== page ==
New EO sensors: expanding the pie or stealing the slice?
The industry has witnessed a recent surge in investment in a new class of Earth Observation (EO) sensors such as thermal infrared (TIR), hyperspectral, radio frequency (RF) monitoring and greenhouse gases emissions monitoring. These recent investments demonstrate an excitement for new datasets, for new use cases, and different ways to address the current market. However, whenever something new is introduced, stakeholders often struggle to determine if the result will be market expansion or replacement. Will it expand the pie or take a slice out of it?
NSR’s Satellite-based Earth Observation, 15th Edition report forecasts that the non-imagery segment, which consists of these emerging sensor types, is growing at a CAGR of 31.5%, indicating an increasing market opportunity with a growing addressable market. Overall, non-imagery will generate $8.7 billion in cumulative revenues by the next decade, which is 11% of the $78.5 Billion global EO market cumulative revenues.
New sensors expanding use-cases
Hyperspectral imaging boasts diverse applications in agriculture, environmental monitoring, and weather forecasting, with the potential to replace some current use of optical sensors, due to a greater number of bands that generate more information. Similarly, Thermal Infrared (TIR) sensors with higher resolution and accuracy are enhancing the capability to detect wildfire monitoring, industrial tracking, and emergency response. Companies such as GHGSat and Kayrros are offering solutions targeting climate change, which is currently a major driver for EO adoption.
As a result of these changes, the non-imagery data sources are expected to take a 17% overall EO market share by 2032, from a mere 3% in 2022.
Adoption of new datasets depends on both the expertise to use the said data, and the customers’ awareness as to its value, specific to each market vertical. Pricing also plays a crucial role to choose between satellite and ground-based systems, with factors like timelines, analytics, and costs already influencing early-adopter budget decisions from governmental and military entities.
Governments leading the charge
Government & military are the primary market drivers here, with NSR forecasting $742.3 million in cumulative revenues over the decade for the former, and $1.2 billion for the latter. To provide better market access and harness these revenues, providers need closer collaboration with customers, through initiatives such as the Early Access Programs (EAPs) which improves customer awareness, provides tailored solutions based on end-user requirements, and results in easier adoption once satellites are launched. Early-stage companies who have launch plans in the short-term, such as Satellite Vu, Pixxel, HyperSat, and Orbital Sidekick, are already engaging with customers through EAPs.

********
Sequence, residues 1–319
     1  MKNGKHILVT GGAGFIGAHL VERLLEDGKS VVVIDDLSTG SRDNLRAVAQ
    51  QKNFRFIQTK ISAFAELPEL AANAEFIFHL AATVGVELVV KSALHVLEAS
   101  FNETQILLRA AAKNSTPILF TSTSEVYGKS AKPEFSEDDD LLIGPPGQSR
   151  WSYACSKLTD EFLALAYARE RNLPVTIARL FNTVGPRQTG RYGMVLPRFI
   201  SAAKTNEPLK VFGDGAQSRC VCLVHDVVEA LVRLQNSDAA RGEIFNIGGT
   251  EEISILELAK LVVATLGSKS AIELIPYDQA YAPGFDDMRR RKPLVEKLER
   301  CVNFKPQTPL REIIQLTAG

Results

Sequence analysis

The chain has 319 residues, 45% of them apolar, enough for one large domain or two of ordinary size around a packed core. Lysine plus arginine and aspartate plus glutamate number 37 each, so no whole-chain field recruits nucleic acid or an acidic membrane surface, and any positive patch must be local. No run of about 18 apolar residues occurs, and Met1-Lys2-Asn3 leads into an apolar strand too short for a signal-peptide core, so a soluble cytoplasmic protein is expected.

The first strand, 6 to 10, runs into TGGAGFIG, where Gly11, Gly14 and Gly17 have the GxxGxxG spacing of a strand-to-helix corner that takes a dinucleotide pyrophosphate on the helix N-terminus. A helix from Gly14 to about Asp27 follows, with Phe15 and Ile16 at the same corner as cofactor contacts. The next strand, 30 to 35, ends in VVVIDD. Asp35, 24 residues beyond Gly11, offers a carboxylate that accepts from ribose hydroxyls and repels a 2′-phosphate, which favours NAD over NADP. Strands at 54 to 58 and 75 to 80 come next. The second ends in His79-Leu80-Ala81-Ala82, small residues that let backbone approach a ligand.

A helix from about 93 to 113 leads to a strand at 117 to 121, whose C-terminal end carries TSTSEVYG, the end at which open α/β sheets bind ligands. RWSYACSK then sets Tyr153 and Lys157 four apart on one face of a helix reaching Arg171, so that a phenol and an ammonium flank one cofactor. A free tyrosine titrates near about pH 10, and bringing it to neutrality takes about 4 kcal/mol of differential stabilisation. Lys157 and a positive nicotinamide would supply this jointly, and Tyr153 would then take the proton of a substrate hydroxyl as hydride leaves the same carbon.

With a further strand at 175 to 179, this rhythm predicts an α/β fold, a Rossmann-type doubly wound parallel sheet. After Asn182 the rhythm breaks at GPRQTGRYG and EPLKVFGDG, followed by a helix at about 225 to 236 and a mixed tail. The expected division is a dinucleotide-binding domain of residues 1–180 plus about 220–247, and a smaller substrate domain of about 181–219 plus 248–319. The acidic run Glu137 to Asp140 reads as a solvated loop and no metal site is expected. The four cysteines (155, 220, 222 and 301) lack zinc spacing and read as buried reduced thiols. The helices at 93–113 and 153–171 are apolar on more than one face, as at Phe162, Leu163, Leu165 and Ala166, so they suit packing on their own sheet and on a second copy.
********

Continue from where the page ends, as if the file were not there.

The Earth Observation market, despite facing adoption inertia and long revenue realization timelines, is at a tipping point for increased adoption. The commoditization of datasets, including optical and SAR imagery, is yet to be achieved, and the nascent non-imagery market adds complexity. Market expansion depends on overcoming these challenges by satellite operators and providers. Despite hurdles, rapid growth is expected in the next decade, with non-imagery market share projected to rise ten-fold, from $55 million in 2022 to $526 million in 2032 due to increased addressability.
The Bottom Line
So, are these new satellite sensors expanding the pie or stealing the slice in the EO industry? The answer lies within the ability of these new sensors to complement existing technologies. In certain use-cases, they may replace traditional satellite imagery where value-add versus pricing will play a pivotal role in adoption.
In addition, the ability to complement existing technologies will further determine the level of integration into existing ecosystems. However, these new sensors are mainly expanding the EO pie by tapping into new budgets allocated by government customers and users or replacing ground-based systems where cost optimization or cost benefit is key by utilizing satellite imagery, instead of traditional ground-based systems. However, while new datasets may be expanding the pie, providers need to collaborate closely with potential customers to be able to benefit from any market expansion.